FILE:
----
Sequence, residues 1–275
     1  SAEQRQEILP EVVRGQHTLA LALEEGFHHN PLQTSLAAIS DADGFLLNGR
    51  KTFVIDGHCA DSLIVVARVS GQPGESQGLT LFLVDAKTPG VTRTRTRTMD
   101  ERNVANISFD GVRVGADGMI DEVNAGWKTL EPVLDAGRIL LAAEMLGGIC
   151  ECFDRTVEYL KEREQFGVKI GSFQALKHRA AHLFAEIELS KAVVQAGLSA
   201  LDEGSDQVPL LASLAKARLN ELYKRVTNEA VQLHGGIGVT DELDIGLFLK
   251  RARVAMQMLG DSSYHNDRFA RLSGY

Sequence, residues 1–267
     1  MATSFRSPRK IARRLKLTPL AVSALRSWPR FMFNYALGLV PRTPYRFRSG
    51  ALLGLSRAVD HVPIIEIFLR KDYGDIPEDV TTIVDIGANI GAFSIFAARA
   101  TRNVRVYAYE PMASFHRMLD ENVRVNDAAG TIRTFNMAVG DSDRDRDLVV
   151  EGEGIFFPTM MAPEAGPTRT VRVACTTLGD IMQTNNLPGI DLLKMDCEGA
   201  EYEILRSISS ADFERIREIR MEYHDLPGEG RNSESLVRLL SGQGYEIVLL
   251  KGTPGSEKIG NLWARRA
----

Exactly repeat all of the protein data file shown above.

Sequence, residues 1–275
     1  SAEQRQEILP EVVRGQHTLA LALEEGFHHN PLQTSLAAIS DADGFLLNGR
    51  KTFVIDGHCA DSLIVVARVS GQPGESQGLT LFLVDAKTPG VTRTRTRTMD
   101  ERNVANISFD GVRVGADGMI DEVNAGWKTL EPVLDAGRIL LAAEMLGGIC
   151  ECFDRTVEYL KEREQFGVKI GSFQALKHRA AHLFAEIELS KAVVQAGLSA
   201  LDEGSDQVPL LASLAKARLN ELYKRVTNEA VQLHGGIGVT DELDIGLFLK
   251  RARVAMQMLG DSSYHNDRFA RLSGY

Sequence, residues 1–267
     1  MATSFRSPRK IARRLKLTPL AVSALRSWPR FMFNYALGLV PRTPYRFRSG
    51  ALLGLSRAVD HVPIIEIFLR KDYGDIPEDV TTIVDIGANI GAFSIFAARA
   101  TRNVRVYAYE PMASFHRMLD ENVRVNDAAG TIRTFNMAVG DSDRDRDLVV
   151  EGEGIFFPTM MAPEAGPTRT VRVACTTLGD IMQTNNLPGI DLLKMDCEGA
   201  EYEILRSISS ADFERIREIR MEYHDLPGEG RNSESLVRLL SGQGYEIVLL
   251  KGTPGSEKIG NLWARRA